The lodging industry has bent but not broken. While it feels like we’ve been living life in limbo, treading water or maybe even swimming upstream since March, the good news is that if you’re reading this then you’re probably still in business.
Hotels in the United States support 1 in every 25 American jobs. In an average year, more 1.3 billion guests (comparable to more than 17 percent of the world’s population) stay in an American hotel room. Remember in late 2019 when everyone expected an economic downturn and the only questions were, “When?” and “How would it impact the hotel industry?”
The second and third quarters of 2020 have answered the question of when. The near future will answer the question of its total impact. After six-plus months, the U.S. Bureau of Labor reports that 4.8 million hospitality and leisure jobs have been lost since February. Occupancy rates are below 50 percent in many sections of the country. STR and Tourism Economics project revenue losses of 50 percent for 2020.
The upshot is that owners, operators and brands have been working together to do what needs to be done with less income.
Deals, Deals, Deals
The lodging transaction market has been lean, to say the least. The reasons are multiple and vary by market, but they really boil down to just a very few. Lack of product offering seems to be the No. 1 issue. Owners are fearful of putting properties out for fear of finding out what they may really be worth. Lack of debt sources and a shortage of cash among the typical buyer pool contribute to the concerns for potential sellers. Apprehension that markets may recover quickly leads to indecision on whether to go to market now or wait until next year: should we wait until after election results are fully sorted out? Should we wait to see if a second stimulus bill is coming? Will lenders be more receptive in the short term? Debt availability may be the main support to selling price values. What should we do?
Despite the downturn, the United States can weather the financial fallout of this downturn due to the lessons learned from the 2008-2009 financial downturn. The Dodd-Frank Wall Street Reform and Consumer Protection Act required much larger cash reserves to cover outstanding loans, strengthening banks’ ability to weather market downturns. Thus far, banks have been able to work with many hoteliers through forbearance and restructuring of loans. At some point, and it’s likely soon, these traditional lenders will no longer have this option available to them as regulatory authorities and depositors/investors become less comfortable with nonpayment of the obligations.
The other primary debt source, commercial mortgage-backed securities, also largely is shuttered. Its attractive terms, low interest rates and lack of personal guarantees made it a popular financing option over the last decade. It’s roughly estimated that more than 20 percent of all hotels in the United States have commercial mortgage-backed securities debt. When payments are not current, CMBS loans are placed in special servicing. In some instances, the servicers had the ability to work with struggling borrowers, but those times are passed. Many of these properties will be under new ownership in 2021.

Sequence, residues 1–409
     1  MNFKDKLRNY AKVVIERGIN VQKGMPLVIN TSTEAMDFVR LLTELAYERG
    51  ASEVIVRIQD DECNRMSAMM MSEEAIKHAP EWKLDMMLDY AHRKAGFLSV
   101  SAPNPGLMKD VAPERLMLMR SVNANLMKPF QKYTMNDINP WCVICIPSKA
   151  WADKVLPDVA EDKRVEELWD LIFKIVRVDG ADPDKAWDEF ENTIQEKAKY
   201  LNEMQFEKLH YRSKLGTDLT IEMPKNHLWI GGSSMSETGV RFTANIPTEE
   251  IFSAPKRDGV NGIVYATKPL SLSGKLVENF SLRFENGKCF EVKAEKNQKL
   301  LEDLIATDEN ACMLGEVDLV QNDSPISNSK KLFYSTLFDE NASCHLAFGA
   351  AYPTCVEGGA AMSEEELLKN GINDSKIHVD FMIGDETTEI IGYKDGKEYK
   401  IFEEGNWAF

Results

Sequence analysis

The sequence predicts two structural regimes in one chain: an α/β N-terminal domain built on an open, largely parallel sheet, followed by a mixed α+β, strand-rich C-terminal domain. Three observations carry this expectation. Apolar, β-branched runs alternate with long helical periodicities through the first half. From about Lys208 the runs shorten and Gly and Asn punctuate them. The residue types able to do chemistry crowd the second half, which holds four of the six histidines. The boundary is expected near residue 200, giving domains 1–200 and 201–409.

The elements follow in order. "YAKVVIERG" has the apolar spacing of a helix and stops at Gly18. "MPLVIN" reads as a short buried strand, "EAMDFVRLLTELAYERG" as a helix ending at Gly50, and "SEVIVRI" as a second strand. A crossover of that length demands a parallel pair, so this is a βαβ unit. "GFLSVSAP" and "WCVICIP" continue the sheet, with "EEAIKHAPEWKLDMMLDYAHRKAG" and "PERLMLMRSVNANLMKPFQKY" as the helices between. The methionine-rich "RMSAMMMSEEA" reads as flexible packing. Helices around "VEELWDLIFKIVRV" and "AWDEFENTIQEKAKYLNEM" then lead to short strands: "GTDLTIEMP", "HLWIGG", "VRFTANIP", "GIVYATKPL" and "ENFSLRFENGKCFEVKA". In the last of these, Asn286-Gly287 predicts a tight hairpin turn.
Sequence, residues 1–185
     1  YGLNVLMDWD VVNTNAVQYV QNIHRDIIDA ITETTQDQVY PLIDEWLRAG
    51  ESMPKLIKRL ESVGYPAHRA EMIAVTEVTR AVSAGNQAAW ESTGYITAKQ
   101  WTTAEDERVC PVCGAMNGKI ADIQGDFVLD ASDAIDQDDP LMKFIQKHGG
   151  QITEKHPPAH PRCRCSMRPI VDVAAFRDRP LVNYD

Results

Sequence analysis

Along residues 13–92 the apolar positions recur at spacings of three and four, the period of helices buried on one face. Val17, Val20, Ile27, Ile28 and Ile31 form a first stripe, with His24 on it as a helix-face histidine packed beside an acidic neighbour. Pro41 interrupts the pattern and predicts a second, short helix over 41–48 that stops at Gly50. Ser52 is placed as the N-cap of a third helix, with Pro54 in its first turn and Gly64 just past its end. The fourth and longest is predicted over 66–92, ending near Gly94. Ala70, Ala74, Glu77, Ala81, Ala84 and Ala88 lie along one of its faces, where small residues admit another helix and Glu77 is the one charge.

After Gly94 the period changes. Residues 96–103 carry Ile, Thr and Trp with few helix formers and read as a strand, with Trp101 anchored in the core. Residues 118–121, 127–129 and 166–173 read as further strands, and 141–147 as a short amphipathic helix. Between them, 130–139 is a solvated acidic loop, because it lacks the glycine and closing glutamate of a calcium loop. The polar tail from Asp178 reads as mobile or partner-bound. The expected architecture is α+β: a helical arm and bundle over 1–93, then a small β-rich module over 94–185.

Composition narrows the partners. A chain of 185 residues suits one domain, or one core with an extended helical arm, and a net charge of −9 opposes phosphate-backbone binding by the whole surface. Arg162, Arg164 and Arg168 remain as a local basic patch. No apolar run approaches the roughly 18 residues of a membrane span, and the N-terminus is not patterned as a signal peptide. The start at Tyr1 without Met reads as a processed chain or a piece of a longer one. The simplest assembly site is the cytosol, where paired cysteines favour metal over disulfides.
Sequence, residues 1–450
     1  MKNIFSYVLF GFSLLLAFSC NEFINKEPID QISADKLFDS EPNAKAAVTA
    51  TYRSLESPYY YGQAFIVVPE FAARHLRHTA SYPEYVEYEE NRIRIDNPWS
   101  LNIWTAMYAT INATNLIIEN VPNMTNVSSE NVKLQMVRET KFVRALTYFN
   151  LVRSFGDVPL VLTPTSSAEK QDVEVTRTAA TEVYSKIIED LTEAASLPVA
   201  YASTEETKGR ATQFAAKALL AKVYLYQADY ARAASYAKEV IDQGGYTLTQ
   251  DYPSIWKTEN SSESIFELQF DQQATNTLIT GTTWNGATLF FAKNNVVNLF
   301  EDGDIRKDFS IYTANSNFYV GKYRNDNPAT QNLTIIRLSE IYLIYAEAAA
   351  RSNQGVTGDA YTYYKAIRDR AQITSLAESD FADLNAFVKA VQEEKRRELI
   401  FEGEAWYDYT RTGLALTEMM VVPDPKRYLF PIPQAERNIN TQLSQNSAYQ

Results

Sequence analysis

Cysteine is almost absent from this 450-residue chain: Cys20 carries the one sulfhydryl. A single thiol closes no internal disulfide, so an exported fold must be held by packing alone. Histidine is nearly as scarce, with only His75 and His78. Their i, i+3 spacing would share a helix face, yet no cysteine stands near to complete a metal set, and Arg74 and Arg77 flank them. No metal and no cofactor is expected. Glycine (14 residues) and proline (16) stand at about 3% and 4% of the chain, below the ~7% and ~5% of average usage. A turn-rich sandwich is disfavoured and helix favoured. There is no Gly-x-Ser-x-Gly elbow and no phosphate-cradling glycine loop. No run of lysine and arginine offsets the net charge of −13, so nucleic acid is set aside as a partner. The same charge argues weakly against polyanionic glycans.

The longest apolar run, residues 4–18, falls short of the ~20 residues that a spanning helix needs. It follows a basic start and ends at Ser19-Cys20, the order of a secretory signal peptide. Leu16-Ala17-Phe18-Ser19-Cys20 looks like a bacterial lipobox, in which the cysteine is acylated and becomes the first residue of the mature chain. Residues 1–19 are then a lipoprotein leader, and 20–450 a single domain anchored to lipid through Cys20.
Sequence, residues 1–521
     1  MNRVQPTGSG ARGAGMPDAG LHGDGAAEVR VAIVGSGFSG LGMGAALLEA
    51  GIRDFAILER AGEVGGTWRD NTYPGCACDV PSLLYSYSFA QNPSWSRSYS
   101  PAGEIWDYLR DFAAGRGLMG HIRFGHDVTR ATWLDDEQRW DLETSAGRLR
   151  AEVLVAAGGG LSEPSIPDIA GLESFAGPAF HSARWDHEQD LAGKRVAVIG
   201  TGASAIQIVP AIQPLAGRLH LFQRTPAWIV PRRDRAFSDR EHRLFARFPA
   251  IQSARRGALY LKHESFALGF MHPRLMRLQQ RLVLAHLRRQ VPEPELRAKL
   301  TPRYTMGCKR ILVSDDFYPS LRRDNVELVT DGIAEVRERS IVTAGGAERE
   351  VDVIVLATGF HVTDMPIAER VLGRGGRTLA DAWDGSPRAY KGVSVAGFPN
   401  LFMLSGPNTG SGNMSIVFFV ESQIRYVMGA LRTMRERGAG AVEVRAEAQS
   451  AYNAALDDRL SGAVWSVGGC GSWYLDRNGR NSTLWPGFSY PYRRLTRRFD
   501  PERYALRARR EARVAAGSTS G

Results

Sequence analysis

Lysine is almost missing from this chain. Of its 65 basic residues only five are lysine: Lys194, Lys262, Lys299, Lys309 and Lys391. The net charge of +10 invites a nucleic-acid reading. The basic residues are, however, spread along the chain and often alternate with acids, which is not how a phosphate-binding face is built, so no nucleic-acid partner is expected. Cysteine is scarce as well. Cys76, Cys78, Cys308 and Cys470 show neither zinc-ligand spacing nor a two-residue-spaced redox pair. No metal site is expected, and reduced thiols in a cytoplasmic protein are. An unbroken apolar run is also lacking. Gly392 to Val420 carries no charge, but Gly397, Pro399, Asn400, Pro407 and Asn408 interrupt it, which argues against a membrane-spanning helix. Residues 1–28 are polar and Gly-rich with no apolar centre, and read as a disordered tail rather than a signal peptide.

The glimmer of good news on the debt front is the Small Business Administration programs remain accessible, but the SBA administrators and the associated banks are much more conservative in their underwriting. Private lenders and seller financing have become more active channels in recent months.
The first and second quarters of 2021 will be a harbinger of things to come. Likely, a significant number of nonperforming, and otherwise distressed, assets will be brought to market and many will transact. Other owners will see the wave coming and will move to action toward a sale before pricing gets further dampened by too much product competing for investment dollars. Debt platforms will return as the economy picks up the pace toward full recovery but that is in the future, not in near the term.
What You Can Do
One operator’s misfortune spells “opportunity” for another. The current commercial real estate market for hotels has investors with cash on one end, anticipating deep discounts of as much as 50 percent. On the other side, the owners of hotel assets struggle to make the properties they own work at lower occupancy rates.
What can you do today? Speak to lodging real estate professionals and gather information on what seems likely to happen in your market. Transactions are still happening, primarily in the sub-$8 million space. Now may not be a bad time to sell, or buy, depending on the circumstances.
2021 will be bumpy but timing will be crucial for both buyers and sellers. The annoying “bid/ask” gap will tighten from both directions and deals will happen at a much more active pace than 2020.
Steve Kirby is managing principal at Mumford Company.